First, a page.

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Two-Year Colleges at Risk of Being Separate and Unequal Institutions!

Dear Commons Community,

Community colleges “are in great danger of becoming indelibly separate and unequal institutions in the higher-education landscape,” a Century Foundation task force warns in a report  released earlier this morning.   To deal with what it calls “the increasing economic and racial isolation of students” at community colleges, the group also calls for major changes in how two-year colleges are financed and operated.  As stated at the Century Foundation website:

“Education has always been a key driver in our nation’s struggle to promote social mobility and widen the circle of people who can enjoy the American Dream. No set of educational institutions better embodies the promise of equal opportunity than community colleges. Two-year colleges have opened the doors of higher education for low-income and working-class students as never before, and yet, community colleges often lack the resources to provide the conditions for student success. Furthermore, there is a growing racial and economic stratification between two- and four-year colleges, producing harmful consequences. Bridging the Higher Education Divide: Strengthening Community Colleges and Restoring the American Dream, faces those grave realities in unblinking fashion. Led by co-chairs Anthony Marx, the president of the New York Public Library and former president of Amherst College, and Eduardo Padron, the president of Miami Dade College, the task force recommends ways to reduce the racial and economic stratification and create new outcomes-based funding in higher education, with a much greater emphasis on providing additional public supports based on student needs.”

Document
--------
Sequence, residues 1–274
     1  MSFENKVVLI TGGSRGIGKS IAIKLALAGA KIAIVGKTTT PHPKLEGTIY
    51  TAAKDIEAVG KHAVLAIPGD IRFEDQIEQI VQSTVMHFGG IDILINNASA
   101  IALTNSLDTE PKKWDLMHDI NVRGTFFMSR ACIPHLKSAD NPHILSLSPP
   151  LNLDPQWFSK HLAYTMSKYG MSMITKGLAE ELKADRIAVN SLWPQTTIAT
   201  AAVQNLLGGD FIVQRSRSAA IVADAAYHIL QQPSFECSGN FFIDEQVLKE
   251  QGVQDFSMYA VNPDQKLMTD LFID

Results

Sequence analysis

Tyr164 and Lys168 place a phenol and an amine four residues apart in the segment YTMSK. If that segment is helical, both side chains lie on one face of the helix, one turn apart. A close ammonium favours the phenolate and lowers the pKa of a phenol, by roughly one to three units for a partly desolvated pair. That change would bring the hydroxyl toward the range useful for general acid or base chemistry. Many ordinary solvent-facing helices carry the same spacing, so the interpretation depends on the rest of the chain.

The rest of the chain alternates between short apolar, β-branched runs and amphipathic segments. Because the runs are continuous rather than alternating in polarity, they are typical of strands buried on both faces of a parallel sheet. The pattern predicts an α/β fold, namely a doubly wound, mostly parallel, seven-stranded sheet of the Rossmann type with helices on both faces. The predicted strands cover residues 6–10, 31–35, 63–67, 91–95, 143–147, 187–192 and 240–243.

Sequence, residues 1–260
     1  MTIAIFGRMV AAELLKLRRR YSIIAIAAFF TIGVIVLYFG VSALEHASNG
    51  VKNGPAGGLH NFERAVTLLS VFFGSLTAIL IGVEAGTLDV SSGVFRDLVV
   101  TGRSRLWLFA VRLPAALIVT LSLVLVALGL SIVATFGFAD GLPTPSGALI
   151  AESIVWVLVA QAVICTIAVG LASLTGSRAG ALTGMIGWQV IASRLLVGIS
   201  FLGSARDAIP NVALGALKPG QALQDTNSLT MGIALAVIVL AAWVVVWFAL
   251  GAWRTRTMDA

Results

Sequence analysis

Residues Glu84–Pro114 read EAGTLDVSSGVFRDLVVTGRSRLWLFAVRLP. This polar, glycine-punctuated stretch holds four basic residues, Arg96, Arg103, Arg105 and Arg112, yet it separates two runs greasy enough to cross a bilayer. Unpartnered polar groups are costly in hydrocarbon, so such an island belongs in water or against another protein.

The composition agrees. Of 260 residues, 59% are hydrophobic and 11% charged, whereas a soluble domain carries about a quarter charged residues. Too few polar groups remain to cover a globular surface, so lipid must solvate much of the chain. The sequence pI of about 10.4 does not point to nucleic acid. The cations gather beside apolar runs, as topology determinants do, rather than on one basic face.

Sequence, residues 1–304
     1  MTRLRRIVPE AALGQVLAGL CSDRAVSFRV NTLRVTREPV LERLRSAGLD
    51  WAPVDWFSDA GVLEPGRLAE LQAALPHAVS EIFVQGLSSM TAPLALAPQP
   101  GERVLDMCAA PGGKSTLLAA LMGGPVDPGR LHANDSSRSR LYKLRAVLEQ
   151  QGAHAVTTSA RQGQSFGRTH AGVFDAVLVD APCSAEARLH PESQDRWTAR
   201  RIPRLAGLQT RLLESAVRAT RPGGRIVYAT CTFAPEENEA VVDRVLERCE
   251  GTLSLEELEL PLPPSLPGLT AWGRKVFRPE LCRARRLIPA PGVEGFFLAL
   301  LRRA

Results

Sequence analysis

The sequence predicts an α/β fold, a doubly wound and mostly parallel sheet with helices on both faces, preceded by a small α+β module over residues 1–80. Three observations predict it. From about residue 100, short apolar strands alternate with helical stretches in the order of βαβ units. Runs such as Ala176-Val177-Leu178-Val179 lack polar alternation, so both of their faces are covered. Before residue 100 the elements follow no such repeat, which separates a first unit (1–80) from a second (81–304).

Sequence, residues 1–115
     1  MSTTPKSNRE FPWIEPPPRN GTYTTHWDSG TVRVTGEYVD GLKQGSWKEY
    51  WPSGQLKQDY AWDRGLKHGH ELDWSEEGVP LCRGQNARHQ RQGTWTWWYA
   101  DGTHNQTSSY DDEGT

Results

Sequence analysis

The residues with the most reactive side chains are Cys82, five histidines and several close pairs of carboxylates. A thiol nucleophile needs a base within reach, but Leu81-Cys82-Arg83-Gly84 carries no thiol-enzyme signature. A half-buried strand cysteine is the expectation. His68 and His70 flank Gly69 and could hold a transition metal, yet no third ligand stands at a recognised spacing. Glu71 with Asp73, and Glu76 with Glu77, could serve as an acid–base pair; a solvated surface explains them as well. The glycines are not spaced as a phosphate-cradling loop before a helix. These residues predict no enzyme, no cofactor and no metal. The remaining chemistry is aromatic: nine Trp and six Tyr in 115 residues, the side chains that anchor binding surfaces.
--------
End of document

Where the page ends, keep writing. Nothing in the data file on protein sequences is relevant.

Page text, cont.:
In an article reviewing the report, The Chronicle of Higher Education commented:

“Among its recommendations, the group urges states and the federal government to provide additional funds to two-year colleges that serve the neediest students, much in the way the federal Title I program works for elementary and secondary schools. In states where constitutional guarantees of education might extend to higher education, the report suggests that advocates even consider filing lawsuits to require such “adequate funding” of community colleges.

To “bring greater clarity to all types of public support for higher education,” the report also asks the U.S. Departments of Education and of the Treasury to jointly study how tax exemptions for donations to colleges and for institutions’ endowment earnings indirectly subsidize colleges—an effort that would highlight how such policies disproportionately benefit wealthier four-year institutions.

The report is premised on the notion that community colleges, which enroll about 44 percent of the nation’s college population, are in many cases not serving students well now and will be ill equipped to handle future demands without radical change.

Along with the financial recommendations, the report outlines a series of educational proposals. The proposals are aimed at shifting the patterns that result in four-year colleges’ enrolling disproportionably more wealthy and white students while two-year colleges enroll a higher proportion of needy and minority students.”

These are important issues which will resonate at community colleges across the country including here at the City University of New York.

Tony

 

 

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